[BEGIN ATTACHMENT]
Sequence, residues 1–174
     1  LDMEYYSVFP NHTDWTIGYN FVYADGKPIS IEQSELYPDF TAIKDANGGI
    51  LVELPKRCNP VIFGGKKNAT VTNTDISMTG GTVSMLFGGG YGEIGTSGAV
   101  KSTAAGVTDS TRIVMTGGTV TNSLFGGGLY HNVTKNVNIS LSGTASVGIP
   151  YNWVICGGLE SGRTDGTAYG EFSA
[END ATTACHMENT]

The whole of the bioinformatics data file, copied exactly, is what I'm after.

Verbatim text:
Sequence, residues 1–174
     1  LDMEYYSVFP NHTDWTIGYN FVYADGKPIS IEQSELYPDF TAIKDANGGI
    51  LVELPKRCNP VIFGGKKNAT VTNTDISMTG GTVSMLFGGG YGEIGTSGAV
   101  KSTAAGVTDS TRIVMTGGTV TNSLFGGGLY HNVTKNVNIS LSGTASVGIP
   151  YNWVICGGLE SGRTDGTAYG EFSA